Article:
Obelisk on the right (as you enter) of Khylaus Cave. The view is taken from within the area of Kailaus Cave and near the basement of the great temple [Kailasanatha Cave Temple, Cave XVI, Ellora]
Photographer: Johnston, J.
Medium: Photographic print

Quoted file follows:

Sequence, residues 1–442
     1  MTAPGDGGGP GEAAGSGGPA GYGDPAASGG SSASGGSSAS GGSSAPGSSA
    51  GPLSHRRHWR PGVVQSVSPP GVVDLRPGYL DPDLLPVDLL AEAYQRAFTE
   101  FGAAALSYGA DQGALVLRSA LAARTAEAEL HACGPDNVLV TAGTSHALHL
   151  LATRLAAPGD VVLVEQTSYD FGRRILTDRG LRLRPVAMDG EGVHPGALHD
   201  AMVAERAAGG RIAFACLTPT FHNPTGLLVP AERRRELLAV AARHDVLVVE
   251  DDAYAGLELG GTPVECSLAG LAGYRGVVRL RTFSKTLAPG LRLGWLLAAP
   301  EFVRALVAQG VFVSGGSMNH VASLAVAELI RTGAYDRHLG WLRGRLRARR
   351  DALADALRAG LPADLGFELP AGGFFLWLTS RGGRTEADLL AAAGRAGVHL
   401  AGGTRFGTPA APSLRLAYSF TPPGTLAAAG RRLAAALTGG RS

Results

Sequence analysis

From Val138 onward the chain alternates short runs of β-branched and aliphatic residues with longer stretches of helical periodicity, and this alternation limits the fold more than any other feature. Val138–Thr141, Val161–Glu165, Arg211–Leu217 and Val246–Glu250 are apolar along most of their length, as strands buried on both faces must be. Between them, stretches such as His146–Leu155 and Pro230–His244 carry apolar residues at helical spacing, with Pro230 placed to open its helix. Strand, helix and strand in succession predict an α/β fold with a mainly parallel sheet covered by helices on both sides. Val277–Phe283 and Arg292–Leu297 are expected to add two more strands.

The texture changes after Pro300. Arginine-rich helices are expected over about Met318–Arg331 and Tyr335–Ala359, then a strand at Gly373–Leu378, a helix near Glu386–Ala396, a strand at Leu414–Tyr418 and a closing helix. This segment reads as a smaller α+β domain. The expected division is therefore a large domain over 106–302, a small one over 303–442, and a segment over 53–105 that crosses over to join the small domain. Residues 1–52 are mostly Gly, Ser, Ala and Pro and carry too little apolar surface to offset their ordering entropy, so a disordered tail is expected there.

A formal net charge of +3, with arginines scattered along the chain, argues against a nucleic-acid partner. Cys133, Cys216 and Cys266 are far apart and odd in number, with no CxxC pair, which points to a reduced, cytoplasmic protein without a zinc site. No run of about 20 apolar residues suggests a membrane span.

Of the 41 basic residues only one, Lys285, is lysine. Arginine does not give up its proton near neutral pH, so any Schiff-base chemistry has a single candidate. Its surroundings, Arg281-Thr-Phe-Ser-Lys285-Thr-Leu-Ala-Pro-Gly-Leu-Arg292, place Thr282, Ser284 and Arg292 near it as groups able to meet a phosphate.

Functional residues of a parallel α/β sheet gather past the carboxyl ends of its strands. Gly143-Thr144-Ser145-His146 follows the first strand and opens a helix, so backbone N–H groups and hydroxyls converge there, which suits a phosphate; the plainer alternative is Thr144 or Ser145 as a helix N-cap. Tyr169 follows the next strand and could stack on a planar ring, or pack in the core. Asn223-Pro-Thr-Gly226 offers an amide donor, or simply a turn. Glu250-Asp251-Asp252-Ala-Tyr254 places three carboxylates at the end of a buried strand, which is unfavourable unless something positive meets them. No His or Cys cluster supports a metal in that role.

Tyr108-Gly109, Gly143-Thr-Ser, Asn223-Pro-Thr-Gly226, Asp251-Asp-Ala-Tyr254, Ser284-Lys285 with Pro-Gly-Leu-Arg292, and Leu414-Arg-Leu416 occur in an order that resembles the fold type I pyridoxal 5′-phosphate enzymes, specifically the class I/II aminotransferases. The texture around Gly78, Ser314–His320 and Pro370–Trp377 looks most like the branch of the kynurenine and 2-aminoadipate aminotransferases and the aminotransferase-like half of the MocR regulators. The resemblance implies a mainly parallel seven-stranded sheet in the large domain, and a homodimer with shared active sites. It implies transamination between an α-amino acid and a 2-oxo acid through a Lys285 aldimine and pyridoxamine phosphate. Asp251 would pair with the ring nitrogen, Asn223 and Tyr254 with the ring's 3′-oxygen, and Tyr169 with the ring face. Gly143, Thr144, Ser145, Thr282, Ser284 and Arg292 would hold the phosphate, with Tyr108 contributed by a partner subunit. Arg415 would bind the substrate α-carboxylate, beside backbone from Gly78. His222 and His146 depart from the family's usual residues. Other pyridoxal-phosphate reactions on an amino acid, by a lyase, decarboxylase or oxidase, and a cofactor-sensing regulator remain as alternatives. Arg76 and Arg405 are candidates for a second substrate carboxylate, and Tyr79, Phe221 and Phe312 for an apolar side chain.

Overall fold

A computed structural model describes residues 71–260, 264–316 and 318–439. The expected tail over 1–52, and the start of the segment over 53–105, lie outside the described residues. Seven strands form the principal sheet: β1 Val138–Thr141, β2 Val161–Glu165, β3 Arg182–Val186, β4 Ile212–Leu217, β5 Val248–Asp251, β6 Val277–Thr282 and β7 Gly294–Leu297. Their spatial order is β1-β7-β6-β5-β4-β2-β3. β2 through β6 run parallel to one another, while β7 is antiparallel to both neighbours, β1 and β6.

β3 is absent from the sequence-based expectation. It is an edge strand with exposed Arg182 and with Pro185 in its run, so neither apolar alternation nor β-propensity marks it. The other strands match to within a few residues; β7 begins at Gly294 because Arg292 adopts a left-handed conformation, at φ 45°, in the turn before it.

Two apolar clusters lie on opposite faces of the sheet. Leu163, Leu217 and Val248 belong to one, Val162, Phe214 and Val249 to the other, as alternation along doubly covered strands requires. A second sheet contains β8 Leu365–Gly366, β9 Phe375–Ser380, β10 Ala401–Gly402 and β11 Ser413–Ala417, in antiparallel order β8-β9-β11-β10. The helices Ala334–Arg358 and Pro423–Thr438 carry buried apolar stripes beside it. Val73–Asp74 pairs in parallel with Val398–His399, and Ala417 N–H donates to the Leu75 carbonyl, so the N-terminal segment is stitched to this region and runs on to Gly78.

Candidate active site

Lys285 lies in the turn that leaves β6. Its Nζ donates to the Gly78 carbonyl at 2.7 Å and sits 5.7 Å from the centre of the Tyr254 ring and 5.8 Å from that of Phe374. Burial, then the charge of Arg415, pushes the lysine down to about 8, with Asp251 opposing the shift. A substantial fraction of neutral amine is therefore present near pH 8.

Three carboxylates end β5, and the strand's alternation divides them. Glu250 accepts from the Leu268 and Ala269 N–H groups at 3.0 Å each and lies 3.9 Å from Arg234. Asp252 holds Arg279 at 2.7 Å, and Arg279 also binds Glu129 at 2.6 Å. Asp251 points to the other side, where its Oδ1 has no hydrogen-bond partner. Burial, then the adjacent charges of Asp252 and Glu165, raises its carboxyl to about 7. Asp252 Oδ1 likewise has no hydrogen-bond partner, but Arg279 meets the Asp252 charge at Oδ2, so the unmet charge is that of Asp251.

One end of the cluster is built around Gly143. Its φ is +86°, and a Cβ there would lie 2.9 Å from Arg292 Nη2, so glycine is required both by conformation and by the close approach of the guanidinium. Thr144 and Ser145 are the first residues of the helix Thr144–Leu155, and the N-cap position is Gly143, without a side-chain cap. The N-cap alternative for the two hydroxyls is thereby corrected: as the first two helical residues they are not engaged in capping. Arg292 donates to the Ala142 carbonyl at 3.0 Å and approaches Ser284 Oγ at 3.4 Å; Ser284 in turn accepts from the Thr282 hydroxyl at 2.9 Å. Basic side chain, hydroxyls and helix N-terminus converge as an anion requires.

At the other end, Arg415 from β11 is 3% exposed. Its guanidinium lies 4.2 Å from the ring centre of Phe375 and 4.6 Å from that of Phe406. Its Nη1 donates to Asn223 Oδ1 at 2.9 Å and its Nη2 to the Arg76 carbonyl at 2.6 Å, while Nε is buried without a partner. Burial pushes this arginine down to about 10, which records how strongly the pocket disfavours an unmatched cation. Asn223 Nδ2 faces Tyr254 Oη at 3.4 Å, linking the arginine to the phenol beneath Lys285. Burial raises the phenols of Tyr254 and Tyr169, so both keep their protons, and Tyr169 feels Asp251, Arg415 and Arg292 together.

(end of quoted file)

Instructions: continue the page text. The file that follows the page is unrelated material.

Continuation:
Photograph of a column in the Kailasanatha Cave Temple, Cave XVI at Ellora, taken by J. Johnston around 1874. The Kailasanatha temple is the most noted of all the splendours of Ellora. It is entirely sculpted out of a great mass of basalt. Patronized by different rulers of the Rashtrakuta dynasty from the mid-8th century, it symbolizes Mount Kailasa, abode of Shiva. A tall screen with an entrance gateway obscures the exterior of the temple. Sculptures of river goddesses flank the entrance to the three sections of the temple (a Nandi shrine, a mandapa, and the main sanctuary). The principal shrine is topped by a shikara, or pyramidal tower. Sculptural friezes in the temple depict tales from the Ramayana, the Mahabharata, and the life of Shiva. Two monolithic columns, 17 m high and decorated with relief carvings, are situated on the side of the main temple. The column in this view is situated on the right of the main temple.